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Roma victims of Holocaust remembered in Bucharest

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By Seamus Kearney
Roma victims of Holocaust remembered in Bucharest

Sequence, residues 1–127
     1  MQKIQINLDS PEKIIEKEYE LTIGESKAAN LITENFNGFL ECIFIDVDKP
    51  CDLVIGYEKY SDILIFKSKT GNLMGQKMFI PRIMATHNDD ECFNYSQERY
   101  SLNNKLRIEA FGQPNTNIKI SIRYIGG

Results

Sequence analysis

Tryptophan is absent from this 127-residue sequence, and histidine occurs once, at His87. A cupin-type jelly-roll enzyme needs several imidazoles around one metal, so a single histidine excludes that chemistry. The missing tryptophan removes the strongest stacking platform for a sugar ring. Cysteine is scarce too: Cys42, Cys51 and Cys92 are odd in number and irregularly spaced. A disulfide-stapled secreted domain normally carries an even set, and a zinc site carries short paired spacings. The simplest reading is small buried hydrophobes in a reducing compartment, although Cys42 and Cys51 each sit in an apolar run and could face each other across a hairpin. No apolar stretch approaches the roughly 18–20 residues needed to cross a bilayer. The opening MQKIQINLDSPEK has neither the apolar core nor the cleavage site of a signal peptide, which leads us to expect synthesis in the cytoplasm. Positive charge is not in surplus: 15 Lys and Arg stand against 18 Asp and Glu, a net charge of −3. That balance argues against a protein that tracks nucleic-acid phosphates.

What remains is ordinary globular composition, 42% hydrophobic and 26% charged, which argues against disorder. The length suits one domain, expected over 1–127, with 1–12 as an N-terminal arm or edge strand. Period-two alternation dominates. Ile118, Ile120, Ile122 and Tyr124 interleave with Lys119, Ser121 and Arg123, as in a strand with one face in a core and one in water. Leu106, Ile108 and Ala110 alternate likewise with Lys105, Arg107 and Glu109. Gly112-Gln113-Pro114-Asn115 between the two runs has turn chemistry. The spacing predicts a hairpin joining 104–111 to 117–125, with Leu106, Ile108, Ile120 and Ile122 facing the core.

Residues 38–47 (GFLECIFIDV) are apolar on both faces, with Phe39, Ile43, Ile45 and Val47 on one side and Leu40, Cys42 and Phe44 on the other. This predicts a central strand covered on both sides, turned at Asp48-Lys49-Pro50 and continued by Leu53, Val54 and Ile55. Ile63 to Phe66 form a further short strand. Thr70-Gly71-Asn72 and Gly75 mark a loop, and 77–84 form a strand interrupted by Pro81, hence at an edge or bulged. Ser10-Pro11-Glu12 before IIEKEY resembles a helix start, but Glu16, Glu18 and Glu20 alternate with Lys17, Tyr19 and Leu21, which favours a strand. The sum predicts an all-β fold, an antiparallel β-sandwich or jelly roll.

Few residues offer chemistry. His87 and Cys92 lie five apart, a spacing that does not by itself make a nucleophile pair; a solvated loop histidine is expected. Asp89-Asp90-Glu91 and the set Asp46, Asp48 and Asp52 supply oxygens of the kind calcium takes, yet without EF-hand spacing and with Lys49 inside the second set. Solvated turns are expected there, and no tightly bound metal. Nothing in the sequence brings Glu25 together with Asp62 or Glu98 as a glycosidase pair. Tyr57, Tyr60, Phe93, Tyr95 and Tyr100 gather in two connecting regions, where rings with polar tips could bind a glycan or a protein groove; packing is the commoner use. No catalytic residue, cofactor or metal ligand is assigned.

<p>Remembering the thousands of Roma people killed in World World Two concentration camps.</p> <p>An exhibition has opened in the Romanian capital, Bucharest, attended by Roma survivors and local and foreign officials. </p> <p><img src="https://static.euronews.com/articles/38/13/381361/602x312_bonus-exhib.jpg" alt="" /></p> <p>Constantin Braila, a Roma survivor of the Holocaust, said: “I went through so much, so many troubles. My mother died, my brothers, my granddad. It was so upsetting, tormenting, so sad. I was hungry, dirty, full of lice.”</p> <p>“We were near Bug River and we were able to catch fish there. They kept us there for 15 days,” he told the Associated Press. </p> <p><img src="https://static.euronews.com/articles/38/13/381361/602x312_bonus-braila.jpg" alt="" /></p> <p>“They took us somewhere near Kazarca village, where we stayed till spring. We were some one hundred families there. </p> <p>“By the time spring came and we were supposed to be taken to work, less than half of us were left. All dead. Due to hunger, lice, unwashed, without medicines.”</p> <p><img src="https://static.euronews.com/articles/38/13/381361/602x312_bonus-roma1.jpg" alt="" /></p> <p>Braila added: “Others, who were from other places and were taken to Romania, were compensated, they received houses and everything that they lost. </p> <p>“But no one gave us any compensation. Absolutely nothing. We didn’t even get a bed from the state. Or a blanket or anything else.”</p> <p>The US Ambassador to Romania, Hans Klemm, told AP: “This is very, very important. Today marks a terrible event in Romania’s history, but also for humanity. </p> <p>“It’s very important that we not forget what happened during the holocaust here in Europe, here in Romania.”</p> <p><img src="https://static.euronews.com/articles/38/13/381361/602x312_bonus-roma2.jpg" alt="" /></p> <p>Some 3,000 Roma were taken to gas chambers at Auschwitz and exterminated in 1944.</p> <p>Fifty-thousand Roma were also deported to Trans-Dniester in the Soviet Union and 11,000 died, according to the Elie Wiesel Institute for the Study of the Holocaust in Romania. </p> <p><iframe width="602" height="312" src="https://www.youtube.com/embed/MC-epqtdEkY?ecver=1" frameborder="0" allowfullscreen></iframe></p> <p>Romania has an estimated 1.85 million Roma, many of whom are poor and complain of prejudice.</p> <p>It is difficult getting exact figures on Roma populations.</p> <p>The Council of Europe’s Roma and Travellers Division has published a list of Roma populations, using some minimum and maximum estimates, and has established a list of “average estimates”. </p> <p>According to that list, these are the 10 countries in Europe with the highest Roma populations: Turkey (2.75 million); Romania (1.85 million); Russia (825,000); Bulgaria (750,000); Spain (725,000); Hungary (700,000); Serbia (600,000); Slovakia (500,000); France (400,000); and Greece (265,000).</p> <p>Find out more about the Roma people in Europe by reading this article: <a href="http://bit.ly/2umIV6A">Who are the Roma People?</a></p> <p><blockquote class="twitter-tweet" data-lang="en"><p lang="en" dir="ltr">Exhibition on Roma Holocaust victims has opened in Bucharest. But it’s a common mistake to say Roma are from Romania <a href="https://t.co/U79atu50DP">https://t.co/U79atu50DP</a></p>— Seamus Kearney (@seamuskearney_) <a href="https://twitter.com/seamuskearney_/status/893023316843343873">August 3, 2017</a></blockquote><br /> <script async src="//platform.twitter.com/widgets.js" charset="utf-8"></script></p>